Another key consideration will be the identification and protection of key members of staff. They can be integral to the success of the merger. Who would this include? What would you do without them?
Will there be a lack of cover after leaving a role that provided benefits in kind? Such as group critical illness or executive income protection?
It is also likely that the benefits package for each firm prior to the merger will not mirror one another. Is it fair to keep things as they are, or should a new group scheme be arranged?
There are also considerations for the exiting owners who may see an increased IHT liability which needs to be protected against. They may also require advice regarding existing business protection that needs to be converted into personal protection now that the business has been sold.
Whilst it is possible to mitigate some risk away through structure and planning, there are other risks that business owners face which can only be protected against with insurance policies.”
The above conversations should be running simultaneously. Alongside the business sale discussions with potential suitors that AJ Chambers would carefully and diligently introduce. For initial exploratory discussions. As a trusted advisor, we are on hand throughout the process, acting as a sounding board. Offering up solutions, and playing a pivotal role in the negotiation. We help with the formation of a potential structure for a deal. Alongside the acquiring parties, which is important, as every Partner will have their own requirements from a deal. We need to ensure a tailored approach is implemented so a fair outcome is achieved.
Once an indicative offer has been presented by the acquirer or dominant party within a merger and is accepted subject to contracts and due diligence. It is paramount to engage a commercial lawyer to guide and advise you through the process.
Craig Kelly, Commercial Solicitor at BTMK, comments:
The purchasing of a business can be carried out in two ways, either by a share purchase or an asset purchase.
“A share purchase relates to shares purchased in a limited company. If the entire share capital of a company is purchased then the company is taken on ‘warts and all’ this means that the buyer is purchasing the entire entity, which will include all assets, liabilities, and obligations, whether the seller is aware of them or not.
Carrying out due diligence on the company before purchase is vital. Knowing as much about a company before purchasing can help avoid any nasty surprises further down the line. For example, the company may be involved in litigation or could be heavily in debt.
A share purchase agreement is produced, which will provide the details of the transaction. Additionally, the seller will provide warranties about the company that a buyer can rely on. A buyer will be able to sue for a breach of any of these warranties if they are found out not to be true.
For an asset sale, the buyer purchases only the assets of the business from the company that owns them. This is known as cherry picking from the business the best parts and leaving behind the rest. During this process, a buyer only takes what they want from the business and does not take on all responsibilities as in a share purchase.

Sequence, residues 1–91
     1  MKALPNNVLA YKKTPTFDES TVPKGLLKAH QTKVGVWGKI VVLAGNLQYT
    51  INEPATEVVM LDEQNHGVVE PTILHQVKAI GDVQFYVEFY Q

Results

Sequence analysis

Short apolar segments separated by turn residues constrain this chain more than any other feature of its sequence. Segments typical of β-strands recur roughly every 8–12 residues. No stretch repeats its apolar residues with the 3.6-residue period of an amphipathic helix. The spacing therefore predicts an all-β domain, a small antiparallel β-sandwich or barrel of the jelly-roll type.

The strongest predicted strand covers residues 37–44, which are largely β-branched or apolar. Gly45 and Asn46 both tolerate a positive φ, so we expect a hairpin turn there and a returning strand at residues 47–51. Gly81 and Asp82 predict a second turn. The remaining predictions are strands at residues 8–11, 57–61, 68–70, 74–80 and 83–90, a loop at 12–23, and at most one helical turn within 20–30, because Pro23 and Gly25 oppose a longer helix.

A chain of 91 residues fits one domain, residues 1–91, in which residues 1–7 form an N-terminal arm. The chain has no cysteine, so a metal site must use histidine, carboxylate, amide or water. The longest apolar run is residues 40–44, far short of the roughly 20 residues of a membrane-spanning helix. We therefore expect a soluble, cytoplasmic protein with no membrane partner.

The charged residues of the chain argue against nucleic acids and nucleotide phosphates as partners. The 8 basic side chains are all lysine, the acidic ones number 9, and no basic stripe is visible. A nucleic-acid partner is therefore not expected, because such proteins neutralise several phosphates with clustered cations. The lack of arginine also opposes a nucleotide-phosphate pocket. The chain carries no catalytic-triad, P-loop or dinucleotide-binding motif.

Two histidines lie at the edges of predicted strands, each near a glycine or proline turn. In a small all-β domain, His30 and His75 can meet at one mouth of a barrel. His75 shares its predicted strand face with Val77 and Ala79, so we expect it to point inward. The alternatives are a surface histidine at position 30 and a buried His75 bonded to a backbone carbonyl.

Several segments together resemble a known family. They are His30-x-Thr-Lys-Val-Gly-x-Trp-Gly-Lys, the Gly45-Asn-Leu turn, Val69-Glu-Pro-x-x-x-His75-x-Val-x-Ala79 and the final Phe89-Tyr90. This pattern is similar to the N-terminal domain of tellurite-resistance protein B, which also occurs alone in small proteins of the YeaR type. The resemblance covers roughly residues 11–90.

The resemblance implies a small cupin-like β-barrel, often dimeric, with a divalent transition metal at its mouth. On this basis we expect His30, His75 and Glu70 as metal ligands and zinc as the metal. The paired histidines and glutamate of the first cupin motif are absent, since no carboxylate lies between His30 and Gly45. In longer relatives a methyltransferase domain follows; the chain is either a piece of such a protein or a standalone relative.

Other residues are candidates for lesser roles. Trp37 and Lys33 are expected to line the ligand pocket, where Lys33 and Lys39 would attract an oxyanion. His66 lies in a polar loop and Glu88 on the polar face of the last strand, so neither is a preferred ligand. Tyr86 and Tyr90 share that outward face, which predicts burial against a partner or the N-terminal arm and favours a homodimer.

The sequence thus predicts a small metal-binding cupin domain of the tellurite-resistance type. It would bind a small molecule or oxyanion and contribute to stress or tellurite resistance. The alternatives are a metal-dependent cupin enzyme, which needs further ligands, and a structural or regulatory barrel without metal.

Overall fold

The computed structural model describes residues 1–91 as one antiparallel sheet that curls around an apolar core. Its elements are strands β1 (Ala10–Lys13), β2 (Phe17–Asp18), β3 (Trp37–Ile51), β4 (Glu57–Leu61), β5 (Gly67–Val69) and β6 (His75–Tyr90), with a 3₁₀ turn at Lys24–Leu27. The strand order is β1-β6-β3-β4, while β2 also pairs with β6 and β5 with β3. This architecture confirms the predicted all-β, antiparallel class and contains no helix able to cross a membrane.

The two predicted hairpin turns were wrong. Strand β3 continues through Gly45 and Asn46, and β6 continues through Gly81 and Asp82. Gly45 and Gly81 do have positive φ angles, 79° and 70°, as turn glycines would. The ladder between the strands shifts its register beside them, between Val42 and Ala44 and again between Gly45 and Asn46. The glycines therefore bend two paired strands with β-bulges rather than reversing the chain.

Again, due diligence should be carried out on the business and an asset purchase agreement will be produced as part of the transaction.
The transferring of staff is important when an asset sale takes place and the TUPE regulations come into play. During an asset purchase, employment law solicitors should be involved to ensure the regulation is followed.”
The black and white, as well as formal matters, must be addressed as outlined above. Including deal structure and consideration. Often the numbers are points that can be addressed and structured in a way that can work. It is the intangibles that are the most difficult to obtain comfort with. This is why AJ Chambers are very careful in the matching and effecting introductions. Between accountancy and legal practices. Cultures must be aligned, or there is a real sign of intent and want from principals to shift working culture to fit with any merger or acquiring business. In addition to culture, on a human level you must be able to work and get along with your new Partners/Directors. Whether you are exiting after a transition period or intending on being a part of the ‘next chapter’ and journey going forward.
As alluded to above, there is post-sale financial advice which you should seek out and execute.
Christopher Wall, Trowlock Wealth Management, continues his previous discussion on the topic, explaining:
“Our team at Trowlock Wealth Management pride themselves on building long term client relationships with personalised goals based planning at the core. So whilst this may start with a business sale, it certainly does not end there.
As a firm we have been awarded Corporate Chartered status. Clients and referrers alike can therefore be confident they are dealing with one of the UK’s leading firms committed to providing the best possible advice, service and support. Furthermore, St. James’s Place guarantees the suitability of the advice given by Trowlock Wealth Management, a member of the St. James’s Place Partnership, when recommending any of the wealth management products and services available from companies in the group.
As holistic wealth managers we coordinate Investment Planning, Retirement Planning, Protection Planning, Tax Planning, Estate & Legacy Planning. All of which are very important to consider, post a business sale.
Examples of solutions available cover cash management, ISA’s, Unit Trust and Unit Trust Feeders, Discretionary Fund Management, Investment Bonds (both onshore and offshore), Pensions, Business Relief Schemes, Private Banking and specialist FX services to name a few”